file sharing on your home network with Samba
I have several machines at home and an old laptop is connected to our TV with a VGA cable. When I download something on my main machine and I want to watch it, I need to copy it on a USB or an external HDD to take it over to the old laptop. A few days ago I came up with the idea to use file sharing at home. My main machine is almost always switched on, so it could be the file server, and my old laptop connected to the TV would be the client.
There are several solutions for this, e.g. NFS and Samba, just to mention the most well-known ones. First I tried NFS but I ran into some problems. First, I had to create one subnet at home. When I had two, the machines in different subnets couldn’t ping each other (refer to this post to see how to create one subnet with two routers). Once I had one subnet, I couldn’t always make NFS work. Sometimes it worked, sometimes it didn’t. And very often I got “permission denied” error when I wanted to connect to the server.
I talked to a friend of mine about it, Todi, and he suggested that I should try Samba instead. I did and it worked like a charm :) So here I sum up the steps for sharing directories at home with Samba between two Linux machines. Samba also works with other operating systems (Windows, Mac), but I will try that later.
I used the excellent Arch wiki as a starting point. I tried this method on two Manjaro machines but Ubuntu should be the same.
This is the machine that contains files that you want to access on other machines. Install the “
samba” package and create the config file:
# cp /etc/samba/smb.conf.default /etc/samba/smb.conf
To provide basic file sharing, enable and start these services: “
smbd.service” and/or “
nmbd.service“. I’m not sure if “
nmbd.service” is needed.
I like to see my shared folders in one place. Create the “
/srv/samba” folder and mount here the folders you want to share. I added the following lines to my “
/mnt/ext1/movies /srv/samba/movies none bind 0 0 /mnt/ext1/torrent /srv/samba/torrent none bind 0 0 /mnt/ext1/tutorial /srv/samba/tutorial none bind 0 0
Of course, in the “
/srv/samba” folder I created three empty folders first (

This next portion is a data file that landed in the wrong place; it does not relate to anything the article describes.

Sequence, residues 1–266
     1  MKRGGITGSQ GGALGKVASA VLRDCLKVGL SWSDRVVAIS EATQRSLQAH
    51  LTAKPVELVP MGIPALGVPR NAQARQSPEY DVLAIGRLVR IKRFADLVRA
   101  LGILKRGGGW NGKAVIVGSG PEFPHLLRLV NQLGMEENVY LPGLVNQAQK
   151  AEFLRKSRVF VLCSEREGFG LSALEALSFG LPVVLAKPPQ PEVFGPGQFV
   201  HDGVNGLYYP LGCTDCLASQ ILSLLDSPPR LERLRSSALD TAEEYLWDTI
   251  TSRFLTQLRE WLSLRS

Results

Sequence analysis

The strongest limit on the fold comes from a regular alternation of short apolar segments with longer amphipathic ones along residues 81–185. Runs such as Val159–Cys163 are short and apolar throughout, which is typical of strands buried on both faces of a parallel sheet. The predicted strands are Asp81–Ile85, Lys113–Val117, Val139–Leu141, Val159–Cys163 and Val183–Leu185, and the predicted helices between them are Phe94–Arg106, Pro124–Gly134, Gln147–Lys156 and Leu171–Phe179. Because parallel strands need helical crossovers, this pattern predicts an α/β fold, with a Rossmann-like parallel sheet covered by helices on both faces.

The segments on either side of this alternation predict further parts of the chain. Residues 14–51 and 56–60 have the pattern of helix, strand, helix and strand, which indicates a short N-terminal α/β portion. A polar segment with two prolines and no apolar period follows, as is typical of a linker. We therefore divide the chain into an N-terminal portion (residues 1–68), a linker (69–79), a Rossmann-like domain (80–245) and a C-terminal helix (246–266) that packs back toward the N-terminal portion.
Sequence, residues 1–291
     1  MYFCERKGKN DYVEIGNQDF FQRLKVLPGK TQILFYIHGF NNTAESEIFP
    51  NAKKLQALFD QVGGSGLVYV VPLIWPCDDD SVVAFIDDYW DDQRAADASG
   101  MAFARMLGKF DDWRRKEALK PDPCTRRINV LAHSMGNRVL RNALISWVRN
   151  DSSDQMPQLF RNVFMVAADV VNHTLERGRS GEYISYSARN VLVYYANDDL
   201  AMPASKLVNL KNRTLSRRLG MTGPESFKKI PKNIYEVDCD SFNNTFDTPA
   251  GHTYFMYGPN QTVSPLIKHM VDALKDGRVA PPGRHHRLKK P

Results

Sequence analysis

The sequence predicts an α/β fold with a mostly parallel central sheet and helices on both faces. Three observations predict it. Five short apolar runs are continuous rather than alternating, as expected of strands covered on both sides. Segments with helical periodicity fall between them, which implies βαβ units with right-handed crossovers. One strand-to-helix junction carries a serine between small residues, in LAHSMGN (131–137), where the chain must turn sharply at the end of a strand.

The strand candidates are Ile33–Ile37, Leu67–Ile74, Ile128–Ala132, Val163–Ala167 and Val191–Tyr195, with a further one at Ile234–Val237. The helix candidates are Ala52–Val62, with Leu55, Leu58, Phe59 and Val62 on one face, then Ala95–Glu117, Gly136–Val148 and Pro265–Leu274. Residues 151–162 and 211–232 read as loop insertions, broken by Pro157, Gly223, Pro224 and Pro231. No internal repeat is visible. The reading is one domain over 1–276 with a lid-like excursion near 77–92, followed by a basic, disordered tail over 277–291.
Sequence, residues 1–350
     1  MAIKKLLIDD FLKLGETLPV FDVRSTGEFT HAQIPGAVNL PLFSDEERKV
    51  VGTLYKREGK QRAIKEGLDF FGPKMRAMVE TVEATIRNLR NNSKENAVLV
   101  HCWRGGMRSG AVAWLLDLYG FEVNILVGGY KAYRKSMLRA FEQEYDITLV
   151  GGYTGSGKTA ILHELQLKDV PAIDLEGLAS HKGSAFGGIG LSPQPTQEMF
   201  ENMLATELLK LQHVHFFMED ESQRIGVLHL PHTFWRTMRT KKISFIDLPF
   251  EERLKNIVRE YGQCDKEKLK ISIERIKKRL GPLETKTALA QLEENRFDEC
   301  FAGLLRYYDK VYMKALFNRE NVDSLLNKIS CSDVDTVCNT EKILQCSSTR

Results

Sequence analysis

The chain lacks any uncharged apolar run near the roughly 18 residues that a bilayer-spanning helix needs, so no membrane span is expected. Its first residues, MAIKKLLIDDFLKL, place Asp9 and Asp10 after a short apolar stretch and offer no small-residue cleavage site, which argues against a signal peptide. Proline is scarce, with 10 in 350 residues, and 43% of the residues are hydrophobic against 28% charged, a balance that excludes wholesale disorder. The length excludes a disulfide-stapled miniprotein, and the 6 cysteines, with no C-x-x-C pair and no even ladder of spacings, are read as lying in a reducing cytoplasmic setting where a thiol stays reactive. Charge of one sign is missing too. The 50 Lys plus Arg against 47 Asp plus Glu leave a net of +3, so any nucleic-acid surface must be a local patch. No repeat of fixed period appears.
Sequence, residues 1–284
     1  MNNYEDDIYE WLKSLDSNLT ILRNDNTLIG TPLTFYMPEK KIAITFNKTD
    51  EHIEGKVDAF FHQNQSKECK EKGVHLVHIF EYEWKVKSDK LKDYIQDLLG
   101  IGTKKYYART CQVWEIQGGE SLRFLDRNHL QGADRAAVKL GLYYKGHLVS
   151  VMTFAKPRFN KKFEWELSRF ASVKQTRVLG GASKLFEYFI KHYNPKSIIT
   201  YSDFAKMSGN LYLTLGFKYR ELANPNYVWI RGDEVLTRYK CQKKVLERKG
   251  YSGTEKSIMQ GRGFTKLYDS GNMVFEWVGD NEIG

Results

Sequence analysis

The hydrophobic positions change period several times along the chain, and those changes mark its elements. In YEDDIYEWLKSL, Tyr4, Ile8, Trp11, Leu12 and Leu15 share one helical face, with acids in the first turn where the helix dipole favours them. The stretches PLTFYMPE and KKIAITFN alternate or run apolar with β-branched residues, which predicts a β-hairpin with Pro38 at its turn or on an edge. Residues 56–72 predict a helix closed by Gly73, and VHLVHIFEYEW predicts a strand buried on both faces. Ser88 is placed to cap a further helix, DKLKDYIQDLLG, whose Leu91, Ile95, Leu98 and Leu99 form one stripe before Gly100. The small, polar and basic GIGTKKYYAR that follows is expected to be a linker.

When ready, run the command “
sudo mount -a” to mount these new folders. Verify if they are correctly mounted.
Now, it’s time to edit the
/etc/samba/smb.conf file. My global part looks like this:
[global] ... workgroup = MYGROUP hosts allow = 192.168.0. 127. ...
It means that all machines on my home network and my localhost can connect to the server. The abbreviations mean
The next thing is to create a share. Add these lines to the bottom of the config file:
[share] comment = Jabba's stuff path = /srv/samba available = yes valid users = jabba browsable = yes public = yes read only = no writable = yes create mask = 0777 directory mask = 0776
It means: the folder “/srv/samba” is served on the server (recursively); the client will need to authenticate itself (see later), and the client will have write permission too.
Note: I could set up Samba quickly but the client couldn’t do any modifications. The shared folder was read-only. The trick is to create a Samba user. On the server allow this user to connect, and on the client use the credentials of this user when connecting to the server. Let’s see how to do that.
On the server create a Samba user:
sudo smbpasswd -a
For the sake of simplicity here I chose the same username that is my account’s name on Linux. Provide a password for this user and add this user in the “valid users = …” line (as seen above).
After editing the config file, always run the command “testparm -s”, which checks for syntax errors. Restart the “smbd.service” and you are done with the server side.
Install the package “
smbclient“, that’s all you need. To see public shares on a server, run this command:
smbclient -L <server> -U%
I like to see my mounted Samba directories in one place, so I created the directory “/smb”:
# mkdir /smb
Then mount the shared folder of the server. Don’t forget to use the credentials of the Samba user that was created before:
#!/usr/bin/env bash sudo mount -t cifs //hq/share/ /smb/ -v -o username=jabba,password=***
hq” is the name of my server and “
share” is the name of my share that comes from the Samba config file (it’s under the section name “
[share]“, so this is its name). The username and password belong to the previously created Samba user.
If everything went well, then you should see the shared folders under “
/smb“. The shared folders are writable on the client side.
File manager configuration
If you want to access Samba shares from Thunar, Nautilus, etc., then install the package “
gvfs-smb“. Then in the location bar (CTRL+L jumps there) simply write “
smb://hq/share” (in this example). Provide the Samba username and password and you are good to go.
On my home network the speed of Samba is not very fast. From the server I can copy with a speed of 1.5 MB/sec. When NFS worked, its speed was 1.7 MB/sec. So NFS was a bit faster, but there is no big difference. And Samba was easier to configure. However, for watching movies on a client, this speed is enough.
The Windows client must be in the same workgroup with the server. As seen above in the “
[global]” part, the server is in the workgroup called “
MYGROUP“. Here is a help that explains how to join a workgroup. Here are some screenshots (sorry for the Hungarian version but that’s what I have at home). Click on the images to enlarge them:
After changing the workgroup’s name, you must restart the computer (yeah, it’s Windows). Then open the Explorer, go to the networks and you should see the Samba server. Connect with your credentials.
Install the package “
cifs-utils” and proceed as described above.